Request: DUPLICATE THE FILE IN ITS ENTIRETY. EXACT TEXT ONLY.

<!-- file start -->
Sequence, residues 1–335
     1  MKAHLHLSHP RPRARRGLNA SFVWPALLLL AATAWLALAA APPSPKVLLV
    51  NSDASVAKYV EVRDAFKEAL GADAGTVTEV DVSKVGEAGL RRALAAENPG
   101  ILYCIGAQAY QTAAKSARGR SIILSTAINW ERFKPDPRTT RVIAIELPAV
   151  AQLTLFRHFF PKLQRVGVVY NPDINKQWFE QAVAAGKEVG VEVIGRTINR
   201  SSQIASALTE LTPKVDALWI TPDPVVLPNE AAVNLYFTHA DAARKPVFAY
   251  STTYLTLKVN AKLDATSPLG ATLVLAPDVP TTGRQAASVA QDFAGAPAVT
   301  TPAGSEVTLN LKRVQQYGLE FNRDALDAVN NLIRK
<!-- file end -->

Sequence, residues 1–335
     1  MKAHLHLSHP RPRARRGLNA SFVWPALLLL AATAWLALAA APPSPKVLLV
    51  NSDASVAKYV EVRDAFKEAL GADAGTVTEV DVSKVGEAGL RRALAAENPG
   101  ILYCIGAQAY QTAAKSARGR SIILSTAINW ERFKPDPRTT RVIAIELPAV
   151  AQLTLFRHFF PKLQRVGVVY NPDINKQWFE QAVAAGKEVG VEVIGRTINR
   201  SSQIASALTE LTPKVDALWI TPDPVVLPNE AAVNLYFTHA DAARKPVFAY
   251  STTYLTLKVN AKLDATSPLG ATLVLAPDVP TTGRQAASVA QDFAGAPAVT
   301  TPAGSEVTLN LKRVQQYGLE FNRDALDAVN NLIRK